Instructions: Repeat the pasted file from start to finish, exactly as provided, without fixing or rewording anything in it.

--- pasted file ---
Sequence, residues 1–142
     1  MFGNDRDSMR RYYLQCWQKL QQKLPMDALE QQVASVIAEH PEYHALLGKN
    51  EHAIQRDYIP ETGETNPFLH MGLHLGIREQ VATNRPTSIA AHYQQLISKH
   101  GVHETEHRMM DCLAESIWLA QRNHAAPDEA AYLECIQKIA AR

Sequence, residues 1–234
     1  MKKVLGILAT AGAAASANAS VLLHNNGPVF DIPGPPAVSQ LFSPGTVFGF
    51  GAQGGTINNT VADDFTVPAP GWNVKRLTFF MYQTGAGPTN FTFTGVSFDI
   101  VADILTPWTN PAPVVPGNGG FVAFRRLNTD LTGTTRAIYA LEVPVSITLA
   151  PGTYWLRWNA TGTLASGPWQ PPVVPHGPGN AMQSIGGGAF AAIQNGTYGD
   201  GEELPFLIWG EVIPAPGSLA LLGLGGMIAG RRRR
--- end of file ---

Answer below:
Sequence, residues 1–142
     1  MFGNDRDSMR RYYLQCWQKL QQKLPMDALE QQVASVIAEH PEYHALLGKN
    51  EHAIQRDYIP ETGETNPFLH MGLHLGIREQ VATNRPTSIA AHYQQLISKH
   101  GVHETEHRMM DCLAESIWLA QRNHAAPDEA AYLECIQKIA AR

Sequence, residues 1–234
     1  MKKVLGILAT AGAAASANAS VLLHNNGPVF DIPGPPAVSQ LFSPGTVFGF
    51  GAQGGTINNT VADDFTVPAP GWNVKRLTFF MYQTGAGPTN FTFTGVSFDI
   101  VADILTPWTN PAPVVPGNGG FVAFRRLNTD LTGTTRAIYA LEVPVSITLA
   151  PGTYWLRWNA TGTLASGPWQ PPVVPHGPGN AMQSIGGGAF AAIQNGTYGD
   201  GEELPFLIWG EVIPAPGSLA LLGLGGMIAG RRRR